NFL Nation: Gary Kubiak

PHOENIX – Denver Broncos quarterback Peyton Manning has been out of sight, at least in terms of public appearances. But the team’s coaching change, with John Fox out and Gary Kubiak in, has not been out of Manning's mind.

Manning is aware of the public conversation following Kubiak’s hire has been about whether Manning could fit into his new coach's offense. On Friday, Manning said the subject isn't worth debate.

Manning
“I know that’s been a hot topic of discussion," Manning said following a breakfast where he received the Bart Starr Award for his off-the-field efforts. “ ... But if I choose to come back, I feel pretty comfortable, aside maybe from Tubby Raymond’s Delaware Wing-T offense, I feel pretty comfortable playing in any offense. I really do. I don’t see that as really being a factor."

Manning’s affirmation of his ability to work within Kubiak’s playbook confirms what former Broncos quarterback Jake Plummer said shortly after Kubiak’s hiring that the two would be able to work together.

“There's no doubt in my mind," Plummer said earlier this month. "Man, look, Gary is a great coach and great coaches change their systems up -- they extend it or tweak it to maximize their players' abilities. But they would both have to work at it, they both would have to find what was best for them on each side. They could do it, but they would have to put in the time to make it right. It’s not an exact fit, but Kubes is a great, great coach and Peyton is one of the best ever. If they want to get it done, need to get it done, they'll get it done."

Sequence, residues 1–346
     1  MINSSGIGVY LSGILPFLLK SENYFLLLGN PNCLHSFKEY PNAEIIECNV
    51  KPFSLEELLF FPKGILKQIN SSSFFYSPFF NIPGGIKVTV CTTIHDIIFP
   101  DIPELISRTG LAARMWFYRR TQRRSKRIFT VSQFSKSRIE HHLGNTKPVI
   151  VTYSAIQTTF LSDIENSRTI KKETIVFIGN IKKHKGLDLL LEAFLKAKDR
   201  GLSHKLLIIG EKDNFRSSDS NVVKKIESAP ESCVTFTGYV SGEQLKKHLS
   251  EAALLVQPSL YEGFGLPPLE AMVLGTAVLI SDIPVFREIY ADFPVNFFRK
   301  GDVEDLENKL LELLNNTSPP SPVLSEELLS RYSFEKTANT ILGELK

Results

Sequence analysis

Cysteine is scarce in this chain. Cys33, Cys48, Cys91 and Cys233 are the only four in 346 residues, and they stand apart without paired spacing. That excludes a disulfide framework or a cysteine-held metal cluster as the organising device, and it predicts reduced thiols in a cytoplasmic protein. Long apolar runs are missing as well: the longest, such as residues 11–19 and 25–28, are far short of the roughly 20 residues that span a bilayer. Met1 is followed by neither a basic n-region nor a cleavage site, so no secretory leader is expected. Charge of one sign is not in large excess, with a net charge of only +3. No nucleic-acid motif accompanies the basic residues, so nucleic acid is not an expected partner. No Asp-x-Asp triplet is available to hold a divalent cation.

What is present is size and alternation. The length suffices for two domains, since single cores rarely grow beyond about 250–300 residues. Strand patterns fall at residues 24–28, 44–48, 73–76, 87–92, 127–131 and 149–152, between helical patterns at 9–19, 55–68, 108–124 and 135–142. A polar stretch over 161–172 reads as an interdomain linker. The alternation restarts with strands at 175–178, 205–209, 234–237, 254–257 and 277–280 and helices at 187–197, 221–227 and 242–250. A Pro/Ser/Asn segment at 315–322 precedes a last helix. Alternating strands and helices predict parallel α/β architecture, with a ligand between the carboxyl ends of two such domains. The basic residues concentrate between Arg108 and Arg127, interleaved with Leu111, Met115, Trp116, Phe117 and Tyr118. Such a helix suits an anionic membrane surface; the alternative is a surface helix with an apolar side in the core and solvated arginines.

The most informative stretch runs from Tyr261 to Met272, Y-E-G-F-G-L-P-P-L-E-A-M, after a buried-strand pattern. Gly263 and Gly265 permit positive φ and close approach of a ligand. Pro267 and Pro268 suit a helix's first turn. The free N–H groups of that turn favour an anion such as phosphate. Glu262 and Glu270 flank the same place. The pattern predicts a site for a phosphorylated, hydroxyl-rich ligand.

Manning has not yet decided if he will return for the 2015 season, but said Friday he doesn’t want the process “to linger." He said Kubiak’s offense and any fallout from the Broncos’ 24-13 loss to the Indianapolis Colts in the AFC’s divisional round would not be factors. Kubiak has run a version of the West Coast offense almost exclusively in his career as an NFL play-caller. It requires the quarterback to be on the move plenty, to throw on the run, rolling left or right to both sides of the formation at various times.

Manning has played almost exclusively in the pocket in his Hall of Fame career with a far different playbook with far different verbiage in the play calls. Kubiak, on the day he was introduced as Broncos coach, said it would be “easy to work with Peyton," and that should Manning return: "We would make an offense that fits what our players do. This will be a Denver Broncos offense, not Gary Kubiak's offense. ... We would work to Peyton's strengths when the time comes and he makes his decision either way."

Manning also reaffirmed Friday his decision to return will be based largely on his physical health as well as the team's plans for himself and the roster.

“I’m kind of still determining that," Manning said. “That’s a little bit of the time. I’m taking some time to assess some things and to see. That’s something that’s important to me is not whether I can physically do it for myself, but can I physically do it to help the team? I’ve always wanted to be part of the solution to helping and never a problem or a limiting factor for the team. I want to be able to look Coach Kubiak and John Elway and Joe Ellis in the eye and say, ‘Yeah, physically, I honestly feel I can contribute and help.'